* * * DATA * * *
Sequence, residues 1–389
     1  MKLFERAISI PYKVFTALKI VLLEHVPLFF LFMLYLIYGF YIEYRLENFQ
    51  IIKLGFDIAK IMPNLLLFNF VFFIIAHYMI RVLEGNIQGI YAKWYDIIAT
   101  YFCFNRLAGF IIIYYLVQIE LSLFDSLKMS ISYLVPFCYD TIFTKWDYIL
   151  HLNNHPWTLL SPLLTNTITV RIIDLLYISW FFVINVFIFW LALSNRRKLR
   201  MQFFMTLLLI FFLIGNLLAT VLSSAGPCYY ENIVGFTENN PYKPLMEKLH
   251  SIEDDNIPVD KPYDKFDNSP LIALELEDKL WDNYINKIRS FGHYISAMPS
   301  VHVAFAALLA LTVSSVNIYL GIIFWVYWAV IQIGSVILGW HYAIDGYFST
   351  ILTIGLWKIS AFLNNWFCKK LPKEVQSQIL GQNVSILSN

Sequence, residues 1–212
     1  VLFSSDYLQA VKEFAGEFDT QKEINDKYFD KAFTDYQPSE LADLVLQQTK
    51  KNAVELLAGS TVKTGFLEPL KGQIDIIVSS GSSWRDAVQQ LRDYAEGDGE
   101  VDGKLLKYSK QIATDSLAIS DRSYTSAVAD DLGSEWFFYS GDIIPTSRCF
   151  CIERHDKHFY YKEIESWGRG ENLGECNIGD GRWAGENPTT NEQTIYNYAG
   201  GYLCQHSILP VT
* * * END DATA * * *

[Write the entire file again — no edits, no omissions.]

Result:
Sequence, residues 1–389
     1  MKLFERAISI PYKVFTALKI VLLEHVPLFF LFMLYLIYGF YIEYRLENFQ
    51  IIKLGFDIAK IMPNLLLFNF VFFIIAHYMI RVLEGNIQGI YAKWYDIIAT
   101  YFCFNRLAGF IIIYYLVQIE LSLFDSLKMS ISYLVPFCYD TIFTKWDYIL
   151  HLNNHPWTLL SPLLTNTITV RIIDLLYISW FFVINVFIFW LALSNRRKLR
   201  MQFFMTLLLI FFLIGNLLAT VLSSAGPCYY ENIVGFTENN PYKPLMEKLH
   251  SIEDDNIPVD KPYDKFDNSP LIALELEDKL WDNYINKIRS FGHYISAMPS
   301  VHVAFAALLA LTVSSVNIYL GIIFWVYWAV IQIGSVILGW HYAIDGYFST
   351  ILTIGLWKIS AFLNNWFCKK LPKEVQSQIL GQNVSILSN

Sequence, residues 1–212
     1  VLFSSDYLQA VKEFAGEFDT QKEINDKYFD KAFTDYQPSE LADLVLQQTK
    51  KNAVELLAGS TVKTGFLEPL KGQIDIIVSS GSSWRDAVQQ LRDYAEGDGE
   101  VDGKLLKYSK QIATDSLAIS DRSYTSAVAD DLGSEWFFYS GDIIPTSRCF
   151  CIERHDKHFY YKEIESWGRG ENLGECNIGD GRWAGENPTT NEQTIYNYAG
   201  GYLCQHSILP VT